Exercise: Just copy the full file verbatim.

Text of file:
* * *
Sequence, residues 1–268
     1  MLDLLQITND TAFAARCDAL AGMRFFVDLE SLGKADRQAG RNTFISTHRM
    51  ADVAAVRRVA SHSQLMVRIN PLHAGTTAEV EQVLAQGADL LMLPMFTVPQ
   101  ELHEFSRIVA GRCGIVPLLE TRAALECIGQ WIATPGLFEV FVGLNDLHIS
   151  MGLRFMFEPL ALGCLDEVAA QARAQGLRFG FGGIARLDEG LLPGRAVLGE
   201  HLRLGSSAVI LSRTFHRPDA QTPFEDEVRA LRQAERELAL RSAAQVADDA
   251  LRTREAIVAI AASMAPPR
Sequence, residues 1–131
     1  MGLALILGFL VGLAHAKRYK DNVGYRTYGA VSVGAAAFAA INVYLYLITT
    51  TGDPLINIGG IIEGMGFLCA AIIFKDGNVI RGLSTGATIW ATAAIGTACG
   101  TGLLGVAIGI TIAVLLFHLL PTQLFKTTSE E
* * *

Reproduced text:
Sequence, residues 1–268
     1  MLDLLQITND TAFAARCDAL AGMRFFVDLE SLGKADRQAG RNTFISTHRM
    51  ADVAAVRRVA SHSQLMVRIN PLHAGTTAEV EQVLAQGADL LMLPMFTVPQ
   101  ELHEFSRIVA GRCGIVPLLE TRAALECIGQ WIATPGLFEV FVGLNDLHIS
   151  MGLRFMFEPL ALGCLDEVAA QARAQGLRFG FGGIARLDEG LLPGRAVLGE
   201  HLRLGSSAVI LSRTFHRPDA QTPFEDEVRA LRQAERELAL RSAAQVADDA
   251  LRTREAIVAI AASMAPPR
Sequence, residues 1–131
     1  MGLALILGFL VGLAHAKRYK DNVGYRTYGA VSVGAAAFAA INVYLYLITT
    51  TGDPLINIGG IIEGMGFLCA AIIFKDGNVI RGLSTGATIW ATAAIGTACG
   101  TGLLGVAIGI TIAVLLFHLL PTQLFKTTSE E